Long Exposures – Using ND Filters
The Neutral Density filter is a very handy filter to have in your camera bag. Although it doesn’t get used that often in our Travel Photography it certainly should be near the top of your list of “must-have” creative filters.
The GOBE ND512 has a 9-stop light reduction equal to an ND optical density of 2.7
The GOBE ND1000 has a 10-stop light reduction equal to an ND optical density of 3.0
So, what is a Neutral Density Filter?
Neutral Density Filters (ND) reduces light from reaching your sensor/film. In essence, it is the same as putting a dark piece of glass in front of the lens. The filters can range anywhere from 1 stop to 20 stops reduction in light. Probably the most common strengths are the 6 stop and 10 stop filters but many photographers also favour the flexibility of a Variable ND Filter which will allow multiple strengths in the one filter. The filters can be referred to in 3 different ways. The list below refers to a 10 stop filter –
- By the amount of light reduction in stops eg 10 stops
- By the optical density of the filter eg 3.0
- By the filter factor eg. ND1000
Besides the amount of light they reduce in stops, these filters also can be referred to by the optical density of the filter eg. ND 3.0. This would reduce about 10 stops of light. To calculate the reduction of light of any Neutral Density Filter simply multiply the optical density by 10 then divide by 3 to obtain the f-stop reduction in light. For example, a 3.0 filter is 3.0 x 10 = 30 / 3 = 10 stops and a 0.9 filter is 0.9 x 10 = 9 /3 = 3 stops.
Most photographers use these filters to create a smooth water effect or to blur moving clouds in an image to give it mood and emotion although it also has other benefits.
In the middle of the day, you will sometimes find that the light levels when shooting are too bright to allow you to shoot at slow shutter speeds even when stopped down to the smallest aperture (usually F22) and the ISO is set to its lowest (usually 50 or 100). Although the shutter speed will be reduced dramatically it usually will not be enough to get the effect you want especially when shooting the following –
- Waterfalls – where you want that dreamy blur look of the water cascading over the waterfall.
- Seascapes – to create the misty look and soft flat look in seascape shots.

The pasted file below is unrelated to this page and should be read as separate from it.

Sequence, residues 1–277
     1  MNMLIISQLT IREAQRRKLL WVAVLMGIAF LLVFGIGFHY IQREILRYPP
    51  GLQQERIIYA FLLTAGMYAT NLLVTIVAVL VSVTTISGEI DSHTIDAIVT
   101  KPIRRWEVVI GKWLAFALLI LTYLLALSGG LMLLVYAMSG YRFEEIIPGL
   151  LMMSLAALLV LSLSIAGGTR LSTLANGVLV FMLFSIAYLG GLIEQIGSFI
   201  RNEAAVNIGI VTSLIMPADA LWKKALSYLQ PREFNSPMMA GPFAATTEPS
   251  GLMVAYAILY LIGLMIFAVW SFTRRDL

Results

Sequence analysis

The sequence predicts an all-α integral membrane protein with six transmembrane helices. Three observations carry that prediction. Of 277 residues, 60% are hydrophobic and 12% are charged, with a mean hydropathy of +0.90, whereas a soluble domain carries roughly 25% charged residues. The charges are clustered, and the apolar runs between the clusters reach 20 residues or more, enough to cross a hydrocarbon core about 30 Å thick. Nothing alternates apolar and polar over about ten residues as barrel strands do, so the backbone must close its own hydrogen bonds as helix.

- Clouds – for images that you want blurred/streaky clouds.
- Reduce the visibility of moving objects – For example, removing people from shots in busy thoroughfares.
In many cases, the use of an ND filter will extend your exposure beyond what you can handhold so you obviously will need to use a tripod and a shutter remote. Also, most cameras only have minimum shutter speeds of 30sec which means you will need to shoot in BULB mode. One of the easiest ways to calculate the exposure beyond your cameras minimum shutter speed is to simply take a light reading before applying the ND Filter and calculate the exposure using a phone app (search for ND Calculator in the app store). You will need to only enter the strength of ND Filter you are using and it will give you an exposure in sec/min. Alternatively, you can always try to calculate manually in your head by the strength of the filter eg if your shutter speed without the filter is 1/60th then 10 stops would be 1/30th, 1/15th, 1/8th, 1/4, 1/2, 1sec, 2sec, 4sec, 8sec, 16sec. Your exposure after mounting the ND Filter would be 16sec. After your first shot, you could also check the in-camera histogram to make sure you have a good exposure and adjust your shutter speed based on the result.
There are quite a few brands on the market but beware as you can get some weird effects with some brands and therefore we recommend that you stick with the well-known brands such as Hoya, B+W, Tiffen, Formatt-HiTech, Singh Ray, NiSi , *URTH, and Lee. If you live in Australia you can buy NiSi filters here. We haven’t noticed any colour cast on images taken with the ND512 filter, however, the B+W ND110 does have a slight red colour cast but this is easily corrected in post-processing.
*Use the coupon code ‘widescenes’ to receive a further 15% off all URTH products
The filters are also generally quite expensive so make sure that you keep it clean and scratch-free. Make sure you keep it in its original plastic container or in a soft filter holder. Also note that with the increased exposure time, every spec of dust on your sensor is amplified so you may need to do a bit of cleaning of the image in your post-processing.
The image above was taken in the Bay of Fires Conservation Area in Tasmania. As soon as we saw this image we knew it would be a great shot using the Hoya ND400 filter (9 stop). We took several images as the water wasn’t always extending as far into the foreground as we wanted. In Photoshop we simply opened the images we wanted to use as layers and using masks we painted through the water in the foreground to give it more blur and making it a better image.
If you love extremely long exposures for special effects then try a filter with 13, 15 or even 20 stops reduction in light. URTH Filters (formerly Gobe Filters) produces an extremely good square 13 stop filter (see below) which produces fantastic results (you’ll need a filter holder to use this). Visit their site here and add ‘widescenes’ at checkout to receive 15% off all their products.
Coral Coast, Fiji Islands. Shot taken with the Gobe ND10000 13stop ND Filter
We have released a free E-book which includes a step-by-step guide to using these filters for long exposures and a handy printable pocket guide to using the filters.
If you have any questions or comments we would love to hear from you.
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